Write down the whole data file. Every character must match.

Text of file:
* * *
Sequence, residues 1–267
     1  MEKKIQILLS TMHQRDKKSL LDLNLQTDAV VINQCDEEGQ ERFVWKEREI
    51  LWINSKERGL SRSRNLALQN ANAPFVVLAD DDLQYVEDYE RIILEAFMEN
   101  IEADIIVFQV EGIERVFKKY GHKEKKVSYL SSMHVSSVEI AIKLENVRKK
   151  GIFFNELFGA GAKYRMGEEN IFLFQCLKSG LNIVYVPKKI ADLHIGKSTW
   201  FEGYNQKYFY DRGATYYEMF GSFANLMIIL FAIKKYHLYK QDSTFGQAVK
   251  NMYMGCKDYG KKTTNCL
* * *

Sequence, residues 1–267
     1  MEKKIQILLS TMHQRDKKSL LDLNLQTDAV VINQCDEEGQ ERFVWKEREI
    51  LWINSKERGL SRSRNLALQN ANAPFVVLAD DDLQYVEDYE RIILEAFMEN
   101  IEADIIVFQV EGIERVFKKY GHKEKKVSYL SSMHVSSVEI AIKLENVRKK
   151  GIFFNELFGA GAKYRMGEEN IFLFQCLKSG LNIVYVPKKI ADLHIGKSTW
   201  FEGYNQKYFY DRGATYYEMF GSFANLMIIL FAIKKYHLYK QDSTFGQAVK
   251  NMYMGCKDYG KKTTNCL